2.2 A typical learner: Marcus
The following scenario describes a typical Higher Education learner. Marcus is an undergraduate student who likes to spend a lot of time with his friends and often plays football in his free time. He usually hands in his college assignments only just in time. He does not put a lot of effort into such tasks and frequently prepares them in a superficial manner shortly before the deadline. Cramming on the nights before examinations is also a common occurrence for Marcus. Nonetheless he continues to think that he is dedicated to preparing for his registered courses and imagines that he is allocating sufficient time to learn for the associated tests. He continually complains that he does not have enough time available for himself. Since he does not plan his learning in any way (it just “happens”) and because he does not kept track of the hours he spends learning nor indeed his free time hours either, Marcus does not recognise where he could become more efficient and effective with his allocated study time.
Figure 2: Marcus takes a typical approach to his learning
Overall Marcus' grades appear to be a little below average. He is, nevertheless, really popular among his fellow students but, secretly, he wishes he could achieve better academic results. He does not, however, feel motivated and continues to lack self-efficiency. In other words, Marcus does not really believe that he is able to influence the way that he learns or even consider improving his performance. He thinks that he cannot change his learning approaches and, therefore, it is impossible for him to improve his results. This attitude also has an effect on his self-esteem. It is fair to say that he mostly studies alone and is more than a little embarrassed to ask for help or the support of his fellow students.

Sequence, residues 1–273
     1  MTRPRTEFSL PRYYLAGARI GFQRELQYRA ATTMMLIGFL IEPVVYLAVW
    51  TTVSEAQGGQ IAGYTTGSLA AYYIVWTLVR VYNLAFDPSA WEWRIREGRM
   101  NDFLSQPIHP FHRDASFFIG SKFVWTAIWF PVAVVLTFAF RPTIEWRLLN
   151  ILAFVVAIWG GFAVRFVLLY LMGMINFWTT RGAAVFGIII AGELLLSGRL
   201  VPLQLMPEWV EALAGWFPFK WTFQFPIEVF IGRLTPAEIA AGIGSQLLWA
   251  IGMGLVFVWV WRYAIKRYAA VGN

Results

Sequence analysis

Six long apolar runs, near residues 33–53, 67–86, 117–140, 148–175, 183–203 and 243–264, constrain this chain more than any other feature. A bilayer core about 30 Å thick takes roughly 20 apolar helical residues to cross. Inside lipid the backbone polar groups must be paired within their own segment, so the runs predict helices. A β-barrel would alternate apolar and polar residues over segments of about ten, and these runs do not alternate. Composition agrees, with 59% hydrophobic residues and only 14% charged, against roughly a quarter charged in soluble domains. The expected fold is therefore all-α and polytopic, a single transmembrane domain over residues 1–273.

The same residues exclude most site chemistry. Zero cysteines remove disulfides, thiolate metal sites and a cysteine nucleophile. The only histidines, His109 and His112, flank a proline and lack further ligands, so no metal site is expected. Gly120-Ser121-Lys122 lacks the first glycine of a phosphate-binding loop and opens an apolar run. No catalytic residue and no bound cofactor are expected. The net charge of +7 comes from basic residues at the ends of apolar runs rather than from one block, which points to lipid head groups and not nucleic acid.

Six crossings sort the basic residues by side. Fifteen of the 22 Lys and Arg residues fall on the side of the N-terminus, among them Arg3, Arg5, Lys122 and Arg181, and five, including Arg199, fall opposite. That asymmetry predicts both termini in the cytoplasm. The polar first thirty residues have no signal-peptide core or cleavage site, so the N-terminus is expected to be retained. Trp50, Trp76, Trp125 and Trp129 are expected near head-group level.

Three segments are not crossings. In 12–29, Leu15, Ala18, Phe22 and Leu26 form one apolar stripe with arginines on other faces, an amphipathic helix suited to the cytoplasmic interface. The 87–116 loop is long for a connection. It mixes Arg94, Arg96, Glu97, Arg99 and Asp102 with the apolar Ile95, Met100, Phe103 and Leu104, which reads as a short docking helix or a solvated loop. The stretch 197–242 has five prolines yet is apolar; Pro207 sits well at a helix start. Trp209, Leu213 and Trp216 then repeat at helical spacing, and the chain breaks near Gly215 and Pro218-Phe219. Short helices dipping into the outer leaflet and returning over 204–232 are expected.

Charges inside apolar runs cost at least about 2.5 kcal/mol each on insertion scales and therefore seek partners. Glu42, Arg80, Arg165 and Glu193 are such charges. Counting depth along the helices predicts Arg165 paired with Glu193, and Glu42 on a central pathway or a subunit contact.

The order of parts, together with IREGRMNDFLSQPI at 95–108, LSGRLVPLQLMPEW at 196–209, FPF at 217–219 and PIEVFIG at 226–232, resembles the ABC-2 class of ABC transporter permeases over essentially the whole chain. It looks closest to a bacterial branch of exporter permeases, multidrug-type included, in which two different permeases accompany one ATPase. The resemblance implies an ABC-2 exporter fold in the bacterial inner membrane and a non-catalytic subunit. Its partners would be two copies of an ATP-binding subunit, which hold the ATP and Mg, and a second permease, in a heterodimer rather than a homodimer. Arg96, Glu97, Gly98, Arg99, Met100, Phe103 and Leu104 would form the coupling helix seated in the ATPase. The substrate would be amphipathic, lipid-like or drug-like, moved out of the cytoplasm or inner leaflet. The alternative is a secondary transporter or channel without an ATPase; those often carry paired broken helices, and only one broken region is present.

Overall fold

Ironically most of his peers see him as an idol, especially when it comes to sports or social events, so in reality he does not want to appear to have a weaker academic profile. In addition he does not know how to manage his academic studies more effectively i.e. by breaking tasks down into smaller subtasks. Thus each assignment seems to him to be almost unsolvable and, therefore, a great burden, which leads to further decreases in his learning motivation.
You may recognise various aspects of this scenario in terms of your own experience of learning. It is not unusual as it appears to be a typical occurrence in Higher Education particularly where students or learners have not been introduced to or indeed have experienced any strategies or choices of learning how to learn.